I first considered the practical uses of the Epson P series of digital backup devices a few years ago when I interviewed photographer Frans Lanting. He told me about taking the devices into the field when he shoots in exotic places; they are the perfect surrogate for a laptop where a laptop wouldn’t be practical. Lanting, and many photographers like him, shoot their gigs of data and then download it onto an Epson multimedia viewer to free CF card space and view shots on the built-in LCD screen. When they’re back in the world, they transfer the images from the viewer (the P-7000, for instance, has a 160GB capacity) to the computer and resume their normal workflow. But now there’s a new catch in that method: the iPad.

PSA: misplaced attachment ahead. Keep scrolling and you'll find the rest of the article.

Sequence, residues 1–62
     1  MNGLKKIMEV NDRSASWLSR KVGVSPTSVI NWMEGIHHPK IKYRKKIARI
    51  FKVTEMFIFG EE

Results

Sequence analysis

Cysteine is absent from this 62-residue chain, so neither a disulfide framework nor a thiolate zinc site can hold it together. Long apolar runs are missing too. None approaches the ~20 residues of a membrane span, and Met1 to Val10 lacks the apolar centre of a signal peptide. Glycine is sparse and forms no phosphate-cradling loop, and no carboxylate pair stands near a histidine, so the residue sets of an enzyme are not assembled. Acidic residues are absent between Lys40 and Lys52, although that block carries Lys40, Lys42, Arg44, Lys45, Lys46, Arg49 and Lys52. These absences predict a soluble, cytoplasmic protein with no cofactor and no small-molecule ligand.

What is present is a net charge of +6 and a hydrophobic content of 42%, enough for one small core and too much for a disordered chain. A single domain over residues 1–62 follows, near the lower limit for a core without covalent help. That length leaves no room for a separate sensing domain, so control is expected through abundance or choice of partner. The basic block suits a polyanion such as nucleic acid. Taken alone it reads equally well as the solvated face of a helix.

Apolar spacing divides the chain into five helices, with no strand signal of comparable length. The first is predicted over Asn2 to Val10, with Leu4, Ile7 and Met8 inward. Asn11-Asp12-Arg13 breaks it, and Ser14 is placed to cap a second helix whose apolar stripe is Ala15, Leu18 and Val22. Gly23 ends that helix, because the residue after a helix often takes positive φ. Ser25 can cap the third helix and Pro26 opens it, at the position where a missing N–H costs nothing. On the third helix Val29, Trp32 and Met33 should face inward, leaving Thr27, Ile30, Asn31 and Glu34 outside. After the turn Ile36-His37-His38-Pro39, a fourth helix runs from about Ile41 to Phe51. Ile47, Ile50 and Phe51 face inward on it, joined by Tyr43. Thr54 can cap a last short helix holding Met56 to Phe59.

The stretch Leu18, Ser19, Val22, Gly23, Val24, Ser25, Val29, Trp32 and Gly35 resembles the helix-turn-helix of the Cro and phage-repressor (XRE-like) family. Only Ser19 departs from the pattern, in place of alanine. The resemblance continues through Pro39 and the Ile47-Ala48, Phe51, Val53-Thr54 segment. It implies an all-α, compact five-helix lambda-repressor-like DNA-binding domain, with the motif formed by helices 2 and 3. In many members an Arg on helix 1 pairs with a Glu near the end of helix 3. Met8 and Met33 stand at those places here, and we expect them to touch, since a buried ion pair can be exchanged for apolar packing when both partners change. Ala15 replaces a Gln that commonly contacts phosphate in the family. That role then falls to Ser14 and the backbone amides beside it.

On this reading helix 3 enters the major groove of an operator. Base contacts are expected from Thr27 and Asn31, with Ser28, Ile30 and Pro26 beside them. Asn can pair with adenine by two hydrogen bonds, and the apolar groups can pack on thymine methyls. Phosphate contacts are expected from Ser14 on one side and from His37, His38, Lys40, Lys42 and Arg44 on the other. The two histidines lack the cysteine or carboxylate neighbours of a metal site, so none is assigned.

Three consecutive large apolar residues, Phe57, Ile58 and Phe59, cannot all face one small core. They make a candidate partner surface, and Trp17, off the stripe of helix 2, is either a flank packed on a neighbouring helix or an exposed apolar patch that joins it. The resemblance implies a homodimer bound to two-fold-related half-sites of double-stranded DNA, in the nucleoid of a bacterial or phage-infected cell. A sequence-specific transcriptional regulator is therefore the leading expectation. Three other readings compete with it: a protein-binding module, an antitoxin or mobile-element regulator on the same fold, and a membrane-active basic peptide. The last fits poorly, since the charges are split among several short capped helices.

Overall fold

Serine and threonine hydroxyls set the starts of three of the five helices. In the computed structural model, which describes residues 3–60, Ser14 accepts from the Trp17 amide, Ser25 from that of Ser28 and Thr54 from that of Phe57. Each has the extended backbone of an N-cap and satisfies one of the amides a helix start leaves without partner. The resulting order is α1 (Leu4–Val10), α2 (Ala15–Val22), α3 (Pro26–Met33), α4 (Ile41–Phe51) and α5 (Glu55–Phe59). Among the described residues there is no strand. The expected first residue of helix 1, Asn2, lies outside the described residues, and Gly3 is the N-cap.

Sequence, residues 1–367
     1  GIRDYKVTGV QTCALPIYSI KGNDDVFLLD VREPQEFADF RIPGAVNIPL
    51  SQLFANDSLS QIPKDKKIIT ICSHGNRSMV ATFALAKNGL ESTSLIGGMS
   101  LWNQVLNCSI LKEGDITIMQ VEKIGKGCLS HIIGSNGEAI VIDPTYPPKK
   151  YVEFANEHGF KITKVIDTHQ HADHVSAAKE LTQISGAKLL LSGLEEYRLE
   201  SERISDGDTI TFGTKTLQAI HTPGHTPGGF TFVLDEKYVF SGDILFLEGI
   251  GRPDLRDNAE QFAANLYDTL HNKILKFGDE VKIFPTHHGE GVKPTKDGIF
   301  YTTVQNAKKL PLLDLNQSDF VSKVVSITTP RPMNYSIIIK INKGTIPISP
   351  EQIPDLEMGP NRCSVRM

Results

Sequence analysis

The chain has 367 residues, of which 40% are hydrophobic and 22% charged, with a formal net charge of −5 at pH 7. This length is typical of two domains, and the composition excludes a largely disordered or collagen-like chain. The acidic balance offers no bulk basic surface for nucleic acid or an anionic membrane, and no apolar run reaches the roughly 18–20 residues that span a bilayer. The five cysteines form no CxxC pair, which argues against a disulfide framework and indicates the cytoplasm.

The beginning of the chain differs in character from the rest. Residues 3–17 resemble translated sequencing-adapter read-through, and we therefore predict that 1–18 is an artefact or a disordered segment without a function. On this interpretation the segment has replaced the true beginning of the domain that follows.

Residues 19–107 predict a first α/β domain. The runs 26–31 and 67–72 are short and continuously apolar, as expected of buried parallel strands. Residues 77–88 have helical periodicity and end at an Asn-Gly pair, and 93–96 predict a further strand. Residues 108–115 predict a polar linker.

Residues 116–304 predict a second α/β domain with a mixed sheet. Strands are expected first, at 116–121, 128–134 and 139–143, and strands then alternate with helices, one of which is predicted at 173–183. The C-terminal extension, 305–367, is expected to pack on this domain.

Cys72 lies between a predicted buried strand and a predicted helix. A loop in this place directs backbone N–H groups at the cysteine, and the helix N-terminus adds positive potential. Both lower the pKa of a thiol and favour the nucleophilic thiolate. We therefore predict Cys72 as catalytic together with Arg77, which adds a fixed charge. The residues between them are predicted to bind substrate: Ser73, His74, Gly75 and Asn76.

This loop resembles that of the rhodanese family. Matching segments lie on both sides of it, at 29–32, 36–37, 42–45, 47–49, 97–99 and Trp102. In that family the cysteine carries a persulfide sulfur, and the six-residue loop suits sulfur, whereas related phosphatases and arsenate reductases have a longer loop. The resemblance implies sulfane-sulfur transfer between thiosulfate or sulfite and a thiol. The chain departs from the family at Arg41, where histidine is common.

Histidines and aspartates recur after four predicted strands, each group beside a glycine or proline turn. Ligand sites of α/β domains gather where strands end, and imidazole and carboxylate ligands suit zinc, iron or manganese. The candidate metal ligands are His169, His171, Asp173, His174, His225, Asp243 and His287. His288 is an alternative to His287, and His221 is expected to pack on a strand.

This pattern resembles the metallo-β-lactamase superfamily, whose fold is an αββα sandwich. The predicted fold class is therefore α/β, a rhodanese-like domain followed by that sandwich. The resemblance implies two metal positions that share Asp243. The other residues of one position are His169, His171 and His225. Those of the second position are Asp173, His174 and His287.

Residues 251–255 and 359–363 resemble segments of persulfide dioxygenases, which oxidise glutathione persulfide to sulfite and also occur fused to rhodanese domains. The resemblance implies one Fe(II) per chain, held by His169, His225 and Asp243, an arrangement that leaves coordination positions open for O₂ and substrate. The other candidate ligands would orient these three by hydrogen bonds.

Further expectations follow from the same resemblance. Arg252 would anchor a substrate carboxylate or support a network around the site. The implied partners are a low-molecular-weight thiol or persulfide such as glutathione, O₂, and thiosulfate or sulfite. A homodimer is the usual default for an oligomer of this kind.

The iPad is a multimedia viewer of its own sort. An entirely different form factor and, as of now, still not available at the price and capacity of the Epson series of devices, but certainly this is something photographers can consider as a temporary holding tank when working far afield. The interesting thing about the device is the plethora of additional uses for the thing when it’s not being a photographic storage system. The presumed eventual popularity of the thing might make it an ideal interim archive, especially if we’re all carrying them already. But that’s all speculation at this point. After all, as currently priced and spec’d you be much better served by an Epson P-7000 in purely photo storage terms. Still, it’s interesting to see how photographers adapt to new technologies, and how new technologies adapt to photographers. Read up on the idea, including the comments of many photographers dealing directly with the issue, on Scott Kelby’s Photoshop Insider blog.